At the end, both authors took a handful of questions from the audience. Alexie expanded upon his views on digital media. After his Colbert appearance, he'd received emails calling him everything from a “conservative luddite” to a “communist” for believing that digital overload and addiction was contributing to the failure of our bookstores, magazines and newspapers. They also talked a bit about the film licensing of their books, including how Billy Bob Thorton once expressed interest in directing Citizen Vince. "But then he didn't get the money he wanted."
Then, I raised my hand. “Hi,” I said. “I was wondering if you keep track of the things you've written about that have since disappeared.”
They did not quite understand. The copy editor in me realized I should have been more clear.
“The places, I mean. Like the place with the faded Pepsi sign that you wrote about in Citizen Vince [set in 1980]. It's something else now.”
“Oh, Sam's Pit,” Walter answered, appearing somewhat surprised by the question. “Yeah, I used to think some things would be around forever, like the motels up against Sunset Hill, but that's not the case anymore. I used to think that if we shot the movie in Spokane, we wouldn't have to move that many cars off the street.”
Alexie called himself “terminally nostalgic,” and that he was constantly thinking about what was no more, even down to the now-closed doughnut shop where he worked for three weeks. And I thought, I know how he feels. Where is the line between moving ourselves forward as a culture and preserving the small things we hold dear? The diner where I spent so many high school evenings, Cattin's, is now a Rite Aid. And while the food may have been greasy and the air thick with cigarettes, I hate that nothing remains.
“Asking for your advice is like asking for rain in Seattle. It's going to come whether you want it or not.” — Walter to Alexie
Despite the seriousness to the discussion and some of the work read, Alexie and Walter are beyond funny together, giving each other a hard time about basketball, joking about Spokane's quirks and some of the silliness inherent in their writing careers.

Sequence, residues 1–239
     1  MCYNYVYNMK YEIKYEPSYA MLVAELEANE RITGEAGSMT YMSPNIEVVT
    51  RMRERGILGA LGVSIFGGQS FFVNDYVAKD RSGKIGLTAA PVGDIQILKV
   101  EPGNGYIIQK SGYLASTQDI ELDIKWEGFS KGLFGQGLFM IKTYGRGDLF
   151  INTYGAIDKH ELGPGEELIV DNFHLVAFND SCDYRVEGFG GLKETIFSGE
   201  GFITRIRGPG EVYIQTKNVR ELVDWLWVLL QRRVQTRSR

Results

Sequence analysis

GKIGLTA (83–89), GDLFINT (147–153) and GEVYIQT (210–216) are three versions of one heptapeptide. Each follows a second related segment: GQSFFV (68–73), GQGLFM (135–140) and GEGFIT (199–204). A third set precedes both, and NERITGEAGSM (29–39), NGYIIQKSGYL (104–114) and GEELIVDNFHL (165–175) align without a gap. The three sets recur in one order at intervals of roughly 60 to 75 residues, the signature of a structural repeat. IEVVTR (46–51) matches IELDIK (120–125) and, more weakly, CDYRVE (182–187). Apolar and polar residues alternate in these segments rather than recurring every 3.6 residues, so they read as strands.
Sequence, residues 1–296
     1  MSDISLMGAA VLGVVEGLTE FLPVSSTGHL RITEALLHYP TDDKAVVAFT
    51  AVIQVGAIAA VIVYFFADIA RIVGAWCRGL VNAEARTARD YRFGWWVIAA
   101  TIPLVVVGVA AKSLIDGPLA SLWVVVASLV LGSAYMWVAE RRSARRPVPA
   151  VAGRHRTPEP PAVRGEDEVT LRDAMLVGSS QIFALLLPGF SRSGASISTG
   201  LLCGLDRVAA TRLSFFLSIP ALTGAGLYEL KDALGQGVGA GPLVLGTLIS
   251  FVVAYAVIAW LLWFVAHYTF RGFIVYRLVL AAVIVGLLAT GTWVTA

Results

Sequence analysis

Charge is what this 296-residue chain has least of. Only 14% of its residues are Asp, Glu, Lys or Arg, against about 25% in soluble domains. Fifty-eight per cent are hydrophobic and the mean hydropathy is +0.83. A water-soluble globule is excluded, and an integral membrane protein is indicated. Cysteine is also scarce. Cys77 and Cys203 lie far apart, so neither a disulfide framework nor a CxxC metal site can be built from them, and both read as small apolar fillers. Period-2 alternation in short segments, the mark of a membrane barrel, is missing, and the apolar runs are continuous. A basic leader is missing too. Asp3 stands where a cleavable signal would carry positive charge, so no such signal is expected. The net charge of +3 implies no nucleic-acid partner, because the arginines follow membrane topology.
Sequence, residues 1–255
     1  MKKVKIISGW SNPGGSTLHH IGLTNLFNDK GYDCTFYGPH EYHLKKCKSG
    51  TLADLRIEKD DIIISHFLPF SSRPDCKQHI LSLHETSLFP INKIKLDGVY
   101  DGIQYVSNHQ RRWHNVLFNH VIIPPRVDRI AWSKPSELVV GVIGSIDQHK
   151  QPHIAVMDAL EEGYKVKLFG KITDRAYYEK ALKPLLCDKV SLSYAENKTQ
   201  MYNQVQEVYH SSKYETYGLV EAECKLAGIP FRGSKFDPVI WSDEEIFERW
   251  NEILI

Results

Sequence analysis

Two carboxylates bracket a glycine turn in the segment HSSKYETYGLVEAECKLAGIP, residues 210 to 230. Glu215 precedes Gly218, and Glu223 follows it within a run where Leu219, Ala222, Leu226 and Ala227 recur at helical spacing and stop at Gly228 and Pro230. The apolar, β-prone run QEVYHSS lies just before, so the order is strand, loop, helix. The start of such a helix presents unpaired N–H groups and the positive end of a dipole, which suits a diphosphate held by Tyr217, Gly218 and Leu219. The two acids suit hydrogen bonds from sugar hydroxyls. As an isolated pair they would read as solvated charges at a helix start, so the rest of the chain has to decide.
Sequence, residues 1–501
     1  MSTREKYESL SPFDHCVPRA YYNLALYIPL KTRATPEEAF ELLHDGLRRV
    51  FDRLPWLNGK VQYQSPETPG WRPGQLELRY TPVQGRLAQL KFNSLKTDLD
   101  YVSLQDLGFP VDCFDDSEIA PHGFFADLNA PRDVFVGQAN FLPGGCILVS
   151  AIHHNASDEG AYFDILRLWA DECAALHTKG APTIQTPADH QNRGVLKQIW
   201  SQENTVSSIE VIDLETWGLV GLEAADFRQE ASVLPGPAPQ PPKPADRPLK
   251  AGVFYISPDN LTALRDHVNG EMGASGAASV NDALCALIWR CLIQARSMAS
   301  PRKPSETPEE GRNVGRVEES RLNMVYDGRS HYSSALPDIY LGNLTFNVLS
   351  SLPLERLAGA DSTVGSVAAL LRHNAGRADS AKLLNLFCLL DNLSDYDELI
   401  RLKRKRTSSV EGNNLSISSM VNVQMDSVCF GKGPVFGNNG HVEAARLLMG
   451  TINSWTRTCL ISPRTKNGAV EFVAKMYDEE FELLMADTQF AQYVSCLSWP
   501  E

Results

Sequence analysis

On recording the audiobook versions of their novels:
Alexie: “It's funny, they don't let you improvise.”
Walter: “I kept tripping over words, thinking, 'This damn author!'”
Alexie: “I have a lisp. […] I am never writing with the letter S again.”
Walter: “I only have so many voices. I kept waiting for an opportunity to work Sean Connery in.”
When the questions finished, those of us with books lined up to have them signed. Some took photos with the authors, some talked about relatives they had who went to school with them. When I approached Jess Walter with my Citizen Vince, I said, “I drove by the place with the Pepsi sign on the way here. It must have changed recently.”
“Sam's Pit,” he said again, and I immediately wondered why I kept not mentioning it by name. “Yeah, I think it's been about four months now. When they first started remodeling, they kept the Pepsi sign up for awhile, but not anymore.”
Now the building looks like a yellow Craftsman needing a little repair, strangely plunked down on the corner of a busy road. I've driven past it hundreds of times before the remodel, stared at that sign and the boarded up windows, and never once thought to take a picture until it was gone.
I thanked him for signing my book and let the next person in line approach. Walking through the store, then out the front door, I crossed the street and stopped. Reaching into my bag, I pulled out my camera.
Just in case.